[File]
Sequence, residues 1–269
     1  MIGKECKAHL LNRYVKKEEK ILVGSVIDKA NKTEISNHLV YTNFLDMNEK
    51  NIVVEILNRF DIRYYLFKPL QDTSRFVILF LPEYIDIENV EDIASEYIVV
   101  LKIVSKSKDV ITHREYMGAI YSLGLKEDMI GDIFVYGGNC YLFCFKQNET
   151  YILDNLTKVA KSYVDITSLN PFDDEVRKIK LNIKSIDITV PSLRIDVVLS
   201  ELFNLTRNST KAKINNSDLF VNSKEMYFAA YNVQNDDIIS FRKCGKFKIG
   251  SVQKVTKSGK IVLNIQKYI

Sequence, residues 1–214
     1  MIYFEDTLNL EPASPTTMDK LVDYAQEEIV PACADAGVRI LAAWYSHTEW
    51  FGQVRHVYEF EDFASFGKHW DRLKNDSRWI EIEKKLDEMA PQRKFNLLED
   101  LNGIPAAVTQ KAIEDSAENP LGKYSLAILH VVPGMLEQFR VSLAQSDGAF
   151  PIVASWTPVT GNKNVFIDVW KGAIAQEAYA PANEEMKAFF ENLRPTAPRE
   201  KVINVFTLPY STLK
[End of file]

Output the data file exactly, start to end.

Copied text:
Sequence, residues 1–269
     1  MIGKECKAHL LNRYVKKEEK ILVGSVIDKA NKTEISNHLV YTNFLDMNEK
    51  NIVVEILNRF DIRYYLFKPL QDTSRFVILF LPEYIDIENV EDIASEYIVV
   101  LKIVSKSKDV ITHREYMGAI YSLGLKEDMI GDIFVYGGNC YLFCFKQNET
   151  YILDNLTKVA KSYVDITSLN PFDDEVRKIK LNIKSIDITV PSLRIDVVLS
   201  ELFNLTRNST KAKINNSDLF VNSKEMYFAA YNVQNDDIIS FRKCGKFKIG
   251  SVQKVTKSGK IVLNIQKYI

Sequence, residues 1–214
     1  MIYFEDTLNL EPASPTTMDK LVDYAQEEIV PACADAGVRI LAAWYSHTEW
    51  FGQVRHVYEF EDFASFGKHW DRLKNDSRWI EIEKKLDEMA PQRKFNLLED
   101  LNGIPAAVTQ KAIEDSAENP LGKYSLAILH VVPGMLEQFR VSLAQSDGAF
   151  PIVASWTPVT GNKNVFIDVW KGAIAQEAYA PANEEMKAFF ENLRPTAPRE
   201  KVINVFTLPY STLK